The results are in and it’s safe to say that not many people saw that coming. The pundits and pollsters mostly predicted a hung parliament but the Conservatives were the first ones past the post, leaving Paddy Ashdown literally eating his (marzipan) hat.
The dust has settled and the opposing leaders have stepped down, but what are the Conservatives planning to do with the property sector? There are some key points held within their manifesto.
What to expect over the next 5 years:
- By working through their long-term economic plan, the Conservatives are looking to keep mortgage rates lower for longer.
- First time buyers can expect support in the form of 200,000 new starter homes at a 20% discount, exclusively for them.
- The Tories plan to give wannabe first time buyers £50 on top of every £200 they save towards a deposit with their ‘Help to Buy ISA Scheme.’
- The extension of the ‘Right to Buy’ to those living in Housing Associations.
- Tenants will have to rent the property for at least three years before being able to purchase it for a discounted price.
- The Creation of a £1Billion Brownfield Fund to unlock the construction of homes on brownfield land.
- Protection of the Green belt and support towards locally-led garden cities.
However, this is politics. Who knows how many of these policies will come to fruition and which will go the same way as a Nick Clegg promise. A majority government does encourage more confidence on these matters than a coalition though and the early suggestions are that it’s a good time to join the property industry.
Overseas investors are storming the market
Journalists weren’t the only ones burning the midnight oil on election night. London estate agents saw an onslaught of business, minutes after the exit polls reported that David Cameron could once again take up residence at Number 10. With the fear of Labour’s mansion tax on homes worth over £2million gone, foreign investors felt safe to make a few multimillion pound purchases. The sudden surge of investment has also left estate agents in a more comfortable position than 2008, with stocks in companies like Zoopla and Rightmove already rising.
The ripple effect
One prediction on everyone’s lips right now is the renewed ripple effect that London could create. With foreign investors flashing their cash around London, those looking to move away from the economic powerhouse may find it much easier to sell their pricey London houses, allowing them to take advantage of the price difference throughout the rest of the country.
A surge in prices
All of a sudden what appeared to be a buyers’ market has suddenly become a seller’s market. The election result has seemingly boosted investor’s confidence in the UK housing market, but a shortage of top end London properties for sale will only create a surge in price currently estimated at 10%-20% over the next 5 years.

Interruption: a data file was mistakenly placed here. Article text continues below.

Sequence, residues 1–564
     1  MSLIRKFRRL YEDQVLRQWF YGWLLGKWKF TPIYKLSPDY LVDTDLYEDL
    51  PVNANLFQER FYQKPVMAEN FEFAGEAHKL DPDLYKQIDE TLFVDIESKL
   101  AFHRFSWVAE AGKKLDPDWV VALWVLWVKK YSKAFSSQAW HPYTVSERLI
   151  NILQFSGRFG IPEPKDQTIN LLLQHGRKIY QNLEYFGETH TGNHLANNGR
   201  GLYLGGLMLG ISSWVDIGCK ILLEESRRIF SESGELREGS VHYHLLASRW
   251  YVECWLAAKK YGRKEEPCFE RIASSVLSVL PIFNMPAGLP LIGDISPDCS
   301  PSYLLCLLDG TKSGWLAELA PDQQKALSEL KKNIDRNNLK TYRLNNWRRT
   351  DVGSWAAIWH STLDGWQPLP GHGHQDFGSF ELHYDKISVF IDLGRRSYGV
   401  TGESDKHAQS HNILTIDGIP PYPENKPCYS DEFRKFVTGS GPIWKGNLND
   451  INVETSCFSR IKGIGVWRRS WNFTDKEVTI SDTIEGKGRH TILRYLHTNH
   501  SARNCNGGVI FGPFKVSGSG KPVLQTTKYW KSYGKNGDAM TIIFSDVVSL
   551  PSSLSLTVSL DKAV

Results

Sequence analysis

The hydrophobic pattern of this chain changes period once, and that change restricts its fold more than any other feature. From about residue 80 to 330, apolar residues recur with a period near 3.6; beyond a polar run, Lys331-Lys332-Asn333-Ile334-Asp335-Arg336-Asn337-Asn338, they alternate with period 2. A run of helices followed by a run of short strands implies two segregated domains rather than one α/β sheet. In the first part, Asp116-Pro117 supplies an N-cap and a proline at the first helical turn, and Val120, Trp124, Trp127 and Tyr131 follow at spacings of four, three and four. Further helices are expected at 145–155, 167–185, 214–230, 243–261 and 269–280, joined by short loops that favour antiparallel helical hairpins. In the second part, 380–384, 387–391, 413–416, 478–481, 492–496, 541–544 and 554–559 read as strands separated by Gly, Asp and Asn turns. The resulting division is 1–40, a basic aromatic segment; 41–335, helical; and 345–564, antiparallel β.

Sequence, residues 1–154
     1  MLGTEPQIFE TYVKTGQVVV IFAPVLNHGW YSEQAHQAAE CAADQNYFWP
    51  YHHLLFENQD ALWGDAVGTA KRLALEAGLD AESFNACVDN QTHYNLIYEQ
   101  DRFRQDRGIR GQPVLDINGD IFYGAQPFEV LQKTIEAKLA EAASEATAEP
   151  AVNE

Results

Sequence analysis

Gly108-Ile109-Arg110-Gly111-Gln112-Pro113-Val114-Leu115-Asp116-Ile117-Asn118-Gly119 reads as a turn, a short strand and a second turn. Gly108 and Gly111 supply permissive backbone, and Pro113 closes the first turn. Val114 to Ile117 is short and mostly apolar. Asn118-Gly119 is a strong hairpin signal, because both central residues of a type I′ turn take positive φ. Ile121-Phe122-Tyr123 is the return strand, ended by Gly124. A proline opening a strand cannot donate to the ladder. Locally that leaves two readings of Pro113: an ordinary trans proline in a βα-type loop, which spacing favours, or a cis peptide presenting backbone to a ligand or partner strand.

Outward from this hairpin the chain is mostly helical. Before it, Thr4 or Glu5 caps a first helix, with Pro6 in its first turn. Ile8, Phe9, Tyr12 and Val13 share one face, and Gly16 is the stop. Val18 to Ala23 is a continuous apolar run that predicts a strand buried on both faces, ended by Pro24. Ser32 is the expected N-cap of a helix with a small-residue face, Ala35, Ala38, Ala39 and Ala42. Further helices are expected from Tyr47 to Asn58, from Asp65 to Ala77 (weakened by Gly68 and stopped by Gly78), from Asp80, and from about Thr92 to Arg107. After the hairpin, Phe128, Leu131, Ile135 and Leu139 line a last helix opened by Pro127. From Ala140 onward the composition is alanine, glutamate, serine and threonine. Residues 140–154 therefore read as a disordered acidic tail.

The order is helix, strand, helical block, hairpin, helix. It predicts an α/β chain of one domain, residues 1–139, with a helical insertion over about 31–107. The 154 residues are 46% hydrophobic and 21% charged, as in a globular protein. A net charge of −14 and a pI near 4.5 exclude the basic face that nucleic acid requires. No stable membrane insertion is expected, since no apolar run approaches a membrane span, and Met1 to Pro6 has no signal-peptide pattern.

What would have happened if Labour won?
While a collective sigh of relief can be heard from the property sector, Labour voters and the entire ‘Milifandom’ cult are currently wondering what the next 5 years could have held. So, according to their manifesto, what would a Labour leadership have done differently?
- Houses worth over £2million would have been subject to a Mansion Tax of an extra £250 a month.
- They say the money raised through this tax would go to supporting the NHS.
- Labour would have tried to ensure 200,000 homes are built annually by 2020, almost double the current level.
- Three year tenancies would have been the norm, with a cap on excessive rent increases.
- Unfair letting agent fees would have been banned, with the aim of saving those looking to rent around £600 if they decide to move house.
The focuses of the two parties are what you’d expect. While the Tories are looking to help first time buyers, Labour were hoping to make the wealthiest contribute more. There’s enough in the corresponding manifestos to suggest that if Labour were in the process of moving in to Downing Street, the forecast for the property sector would be radically different.
However, the Conservative Cabinet has been formed and Greg Clark is the new Secretary of State for Communities and Local Government. The policies are in the pipeline and their presence is already affecting the sector. For many, the fulfilment of these promises will determine the success of our new Government.
Image Credit: Olibac Flickr